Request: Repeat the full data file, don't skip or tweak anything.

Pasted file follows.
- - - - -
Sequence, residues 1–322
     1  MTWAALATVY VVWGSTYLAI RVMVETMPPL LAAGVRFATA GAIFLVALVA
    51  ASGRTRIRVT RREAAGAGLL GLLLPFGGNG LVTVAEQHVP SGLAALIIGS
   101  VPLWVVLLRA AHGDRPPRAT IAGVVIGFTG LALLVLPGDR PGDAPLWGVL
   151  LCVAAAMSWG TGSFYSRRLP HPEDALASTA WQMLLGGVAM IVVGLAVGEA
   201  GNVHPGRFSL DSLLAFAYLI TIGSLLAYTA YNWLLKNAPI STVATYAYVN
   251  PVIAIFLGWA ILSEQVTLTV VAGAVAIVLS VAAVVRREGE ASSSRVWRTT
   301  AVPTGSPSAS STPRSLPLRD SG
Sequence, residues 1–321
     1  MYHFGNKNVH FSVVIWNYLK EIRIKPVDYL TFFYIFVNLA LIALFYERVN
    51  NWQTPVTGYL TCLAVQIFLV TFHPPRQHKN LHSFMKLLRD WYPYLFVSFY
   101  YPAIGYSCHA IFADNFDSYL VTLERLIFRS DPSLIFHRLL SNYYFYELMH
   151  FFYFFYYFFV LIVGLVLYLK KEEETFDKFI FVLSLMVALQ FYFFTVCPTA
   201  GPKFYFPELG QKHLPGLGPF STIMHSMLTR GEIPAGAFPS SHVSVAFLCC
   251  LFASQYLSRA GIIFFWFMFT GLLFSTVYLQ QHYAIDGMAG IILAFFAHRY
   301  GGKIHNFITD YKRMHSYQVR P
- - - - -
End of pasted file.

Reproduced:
Sequence, residues 1–322
     1  MTWAALATVY VVWGSTYLAI RVMVETMPPL LAAGVRFATA GAIFLVALVA
    51  ASGRTRIRVT RREAAGAGLL GLLLPFGGNG LVTVAEQHVP SGLAALIIGS
   101  VPLWVVLLRA AHGDRPPRAT IAGVVIGFTG LALLVLPGDR PGDAPLWGVL
   151  LCVAAAMSWG TGSFYSRRLP HPEDALASTA WQMLLGGVAM IVVGLAVGEA
   201  GNVHPGRFSL DSLLAFAYLI TIGSLLAYTA YNWLLKNAPI STVATYAYVN
   251  PVIAIFLGWA ILSEQVTLTV VAGAVAIVLS VAAVVRREGE ASSSRVWRTT
   301  AVPTGSPSAS STPRSLPLRD SG
Sequence, residues 1–321
     1  MYHFGNKNVH FSVVIWNYLK EIRIKPVDYL TFFYIFVNLA LIALFYERVN
    51  NWQTPVTGYL TCLAVQIFLV TFHPPRQHKN LHSFMKLLRD WYPYLFVSFY
   101  YPAIGYSCHA IFADNFDSYL VTLERLIFRS DPSLIFHRLL SNYYFYELMH
   151  FFYFFYYFFV LIVGLVLYLK KEEETFDKFI FVLSLMVALQ FYFFTVCPTA
   201  GPKFYFPELG QKHLPGLGPF STIMHSMLTR GEIPAGAFPS SHVSVAFLCC
   251  LFASQYLSRA GIIFFWFMFT GLLFSTVYLQ QHYAIDGMAG IILAFFAHRY
   301  GGKIHNFITD YKRMHSYQVR P